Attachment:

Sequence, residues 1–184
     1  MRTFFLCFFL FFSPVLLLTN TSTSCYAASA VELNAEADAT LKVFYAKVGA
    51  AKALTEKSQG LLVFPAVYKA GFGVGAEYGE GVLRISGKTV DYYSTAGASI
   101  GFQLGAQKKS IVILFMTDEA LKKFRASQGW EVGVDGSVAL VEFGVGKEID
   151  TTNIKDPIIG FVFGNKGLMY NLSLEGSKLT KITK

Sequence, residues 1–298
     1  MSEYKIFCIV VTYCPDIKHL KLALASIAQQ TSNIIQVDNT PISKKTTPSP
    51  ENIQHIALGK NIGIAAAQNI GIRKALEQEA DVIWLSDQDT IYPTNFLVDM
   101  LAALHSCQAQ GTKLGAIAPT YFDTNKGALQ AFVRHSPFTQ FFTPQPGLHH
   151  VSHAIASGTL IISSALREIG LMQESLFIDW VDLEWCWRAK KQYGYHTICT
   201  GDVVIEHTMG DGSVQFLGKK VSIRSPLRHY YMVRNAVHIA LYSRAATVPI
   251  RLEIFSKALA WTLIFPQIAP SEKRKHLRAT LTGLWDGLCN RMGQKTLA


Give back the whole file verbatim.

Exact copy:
Sequence, residues 1–184
     1  MRTFFLCFFL FFSPVLLLTN TSTSCYAASA VELNAEADAT LKVFYAKVGA
    51  AKALTEKSQG LLVFPAVYKA GFGVGAEYGE GVLRISGKTV DYYSTAGASI
   101  GFQLGAQKKS IVILFMTDEA LKKFRASQGW EVGVDGSVAL VEFGVGKEID
   151  TTNIKDPIIG FVFGNKGLMY NLSLEGSKLT KITK

Sequence, residues 1–298
     1  MSEYKIFCIV VTYCPDIKHL KLALASIAQQ TSNIIQVDNT PISKKTTPSP
    51  ENIQHIALGK NIGIAAAQNI GIRKALEQEA DVIWLSDQDT IYPTNFLVDM
   101  LAALHSCQAQ GTKLGAIAPT YFDTNKGALQ AFVRHSPFTQ FFTPQPGLHH
   151  VSHAIASGTL IISSALREIG LMQESLFIDW VDLEWCWRAK KQYGYHTICT
   201  GDVVIEHTMG DGSVQFLGKK VSIRSPLRHY YMVRNAVHIA LYSRAATVPI
   251  RLEIFSKALA WTLIFPQIAP SEKRKHLRAT LTGLWDGLCN RMGQKTLA